FREQUENTLY ASKED QUESTIONS...
ABOUT GRASSFED MEAT
Q: How does
grassfed meat differ from the meat I buy in the store?
A: It is
leaner, contains less fat, and has a healthier
composition of Omega 3 and 6 fatty acids. The
meat will be more flavorful too. You will know
it has been raised on grass its' whole life. Also most
grassfed meat will not contain any antibiotics or
Q: What's the
difference between grass-fed, grass-finished, natural
- The animal was raised on its mother’s milk and its growing years on open range pasture until they reach a certain size.
In the Southwest, most cattle graze on rangeland grass (rarely on irrigated pasture due to
the arid conditions) and are supplemented with hay when necessary.
Grass-finished - Same as
Natural - The animal was not treated with antibiotics or growth hormones.
The producer must meet USDA organic standards related to certified
organic feed, clinical use of antibiotics only, no growth hormones, and
access to range or pasture during a large portion of the animal’s
best bet, which circumvents the labeling confusion
altogether, is to get in touch with a local farmer who
can verify that the products are raised on pasture,
without antibiotics and pesticides. By
going straight to the source, you’re likely getting
the absolute best meat there is, USDA-certified or
Q: Why should
I spend more money on grassfed meat than on regular
In many instances by purchasing your larger cuts of
grassfed meat from a local rancher, your savings will
be considerable compared to store bought meat.
Grassfed meat, by definition, is more nutrition,
leaner and therefore healthier. Grassfed meat is raised locally, by family farmers
and ranchers practicing sustainable agriculture, by
being good stewards of the land they love. By
buying grassfed meat, you help keeping these families
on the land, and keeping your dollars in the State.
Q: What does
"dry-ageing" mean, and what does it do for
Flavor and tenderness of beef is enhanced by dry-aging.
carcass is kept in a cool room for 2 to 3 weeks at a temperature of
34-36 degrees. There is some loss of carcass weight (6-10%) during the
aging process and also a loss of carcass weight (35-40%) from trimming
and boning during processing and packaging. Lamb is usually not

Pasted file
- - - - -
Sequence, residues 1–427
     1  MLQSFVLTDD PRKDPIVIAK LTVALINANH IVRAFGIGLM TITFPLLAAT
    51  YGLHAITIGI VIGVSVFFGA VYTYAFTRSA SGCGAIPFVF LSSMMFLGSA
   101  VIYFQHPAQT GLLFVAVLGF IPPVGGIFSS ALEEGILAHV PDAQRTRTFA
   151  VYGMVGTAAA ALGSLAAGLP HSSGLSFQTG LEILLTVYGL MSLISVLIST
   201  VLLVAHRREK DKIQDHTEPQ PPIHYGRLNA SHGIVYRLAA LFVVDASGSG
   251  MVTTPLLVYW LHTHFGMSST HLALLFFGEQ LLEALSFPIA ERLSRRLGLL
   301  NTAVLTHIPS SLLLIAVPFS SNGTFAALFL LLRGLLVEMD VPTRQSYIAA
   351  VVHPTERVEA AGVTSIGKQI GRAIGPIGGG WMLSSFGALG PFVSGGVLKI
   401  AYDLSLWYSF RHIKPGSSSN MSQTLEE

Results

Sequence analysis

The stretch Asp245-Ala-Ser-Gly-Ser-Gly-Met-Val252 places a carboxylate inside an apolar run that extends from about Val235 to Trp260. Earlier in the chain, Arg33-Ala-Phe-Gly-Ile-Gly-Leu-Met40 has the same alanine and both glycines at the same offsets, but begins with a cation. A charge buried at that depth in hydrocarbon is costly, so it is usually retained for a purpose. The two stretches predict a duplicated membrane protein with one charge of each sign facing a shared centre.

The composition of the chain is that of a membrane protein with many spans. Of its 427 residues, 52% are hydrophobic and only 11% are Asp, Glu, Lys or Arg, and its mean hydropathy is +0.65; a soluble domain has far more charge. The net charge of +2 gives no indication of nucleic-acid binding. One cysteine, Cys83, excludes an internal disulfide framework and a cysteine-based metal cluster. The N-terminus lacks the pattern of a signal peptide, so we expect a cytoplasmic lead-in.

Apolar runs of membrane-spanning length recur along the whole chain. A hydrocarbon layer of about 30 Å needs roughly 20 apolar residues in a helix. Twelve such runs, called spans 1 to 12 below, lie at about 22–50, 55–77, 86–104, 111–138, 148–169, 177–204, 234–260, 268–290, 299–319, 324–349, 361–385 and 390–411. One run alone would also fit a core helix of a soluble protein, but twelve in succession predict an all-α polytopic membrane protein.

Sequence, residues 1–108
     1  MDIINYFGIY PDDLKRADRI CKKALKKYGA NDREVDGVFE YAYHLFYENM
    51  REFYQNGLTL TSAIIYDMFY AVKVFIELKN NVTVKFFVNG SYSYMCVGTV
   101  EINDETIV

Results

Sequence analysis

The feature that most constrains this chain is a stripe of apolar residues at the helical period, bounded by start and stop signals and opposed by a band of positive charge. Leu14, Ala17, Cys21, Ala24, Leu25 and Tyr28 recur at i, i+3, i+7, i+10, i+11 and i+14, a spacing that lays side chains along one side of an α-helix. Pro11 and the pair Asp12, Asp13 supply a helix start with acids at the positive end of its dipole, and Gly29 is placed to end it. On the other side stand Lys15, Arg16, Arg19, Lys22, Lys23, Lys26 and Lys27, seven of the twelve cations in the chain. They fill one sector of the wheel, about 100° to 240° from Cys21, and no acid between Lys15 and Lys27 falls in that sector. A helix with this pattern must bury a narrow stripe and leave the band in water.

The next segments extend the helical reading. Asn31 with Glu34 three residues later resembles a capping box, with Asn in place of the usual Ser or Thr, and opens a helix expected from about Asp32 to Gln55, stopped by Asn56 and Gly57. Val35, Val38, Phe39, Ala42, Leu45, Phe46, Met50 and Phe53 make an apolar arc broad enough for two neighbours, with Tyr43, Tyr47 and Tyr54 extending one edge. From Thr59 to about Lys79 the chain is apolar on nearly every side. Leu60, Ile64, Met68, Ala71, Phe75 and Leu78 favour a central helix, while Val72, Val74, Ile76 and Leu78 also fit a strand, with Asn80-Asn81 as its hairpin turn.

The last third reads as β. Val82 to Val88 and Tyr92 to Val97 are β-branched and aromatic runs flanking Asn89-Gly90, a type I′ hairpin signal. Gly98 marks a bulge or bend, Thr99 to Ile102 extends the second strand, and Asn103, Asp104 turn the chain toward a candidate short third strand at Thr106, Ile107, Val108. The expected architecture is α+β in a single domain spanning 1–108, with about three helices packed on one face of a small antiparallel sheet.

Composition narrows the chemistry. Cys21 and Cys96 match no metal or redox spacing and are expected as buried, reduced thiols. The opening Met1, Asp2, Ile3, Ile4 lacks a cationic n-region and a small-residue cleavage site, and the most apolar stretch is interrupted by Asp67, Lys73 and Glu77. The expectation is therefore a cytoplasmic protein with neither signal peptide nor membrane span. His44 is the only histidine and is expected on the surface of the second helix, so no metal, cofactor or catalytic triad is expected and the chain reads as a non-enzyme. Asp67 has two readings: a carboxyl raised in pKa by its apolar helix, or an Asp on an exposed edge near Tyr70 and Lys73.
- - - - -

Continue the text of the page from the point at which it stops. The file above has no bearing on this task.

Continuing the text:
Q: I don't
have freezer space for a whole animal, what can I do?
Freezer space requirement will vary
depending on the cuts you order, but as a general
rule, one cubic feet of freezer space should hold 25
lb of meat,
in some instances more. Consider splitting a
whole, half or quarter with a friend, neighbor or
family member if freezer space is limited. Some
producers also sell smaller variety boxes of
meat. Many people form local buying groups to
get the best deal.
Q: How much,
or little, meat do I have to purchase?
producers generally sell their meat ranging from a whole, a half
(side), or a quarter of an animal. Some also sell it in
variety-packs or individual cuts available at Farmers’ Markets during
the summer, or at specific outlets year-round. All meat will come
cut to the specifications of the rancher or customer - steaks, roasts,
ribs, brisket, lean ground beef and soup bones etc. Packages are
usually double-wrapped with plastic and freezer paper, or
vacuum-sealed, and labeled. The most economical way to purchase your
grassfed meat is to buy a whole animal and possibly partnering with
another person to split the meat if it is too much for your needs.
Q: Do I have
to drive to the producers to pick up my meat?
A: Most producers will deliver the animal to a local
meat processor for you, where you would pick it up
when it is ready.
welfare is important to me, can I be assured these
animals are raised humanely?
grassfed animals are raised under humane
conditions, in their natural environment. Most
producers welcome visitors. Contact your local
producers with any questions you may have.
Q: I don't
live near your producers, can I get my meat shipped to
of our member producers will ship your meat on dry-ice
to wherever you live.
do I have to place my order?
should place your order as soon as possible.
Most ranchers keep an inventory and need you order
well in advance, in some instances up to a year.
It takes time and planning to raise grassfed animals
to the optimum size and weight, and knowing in advance
how many are sold helps the rancher in his
planning. Usually a deposit is required at the
time of ordering.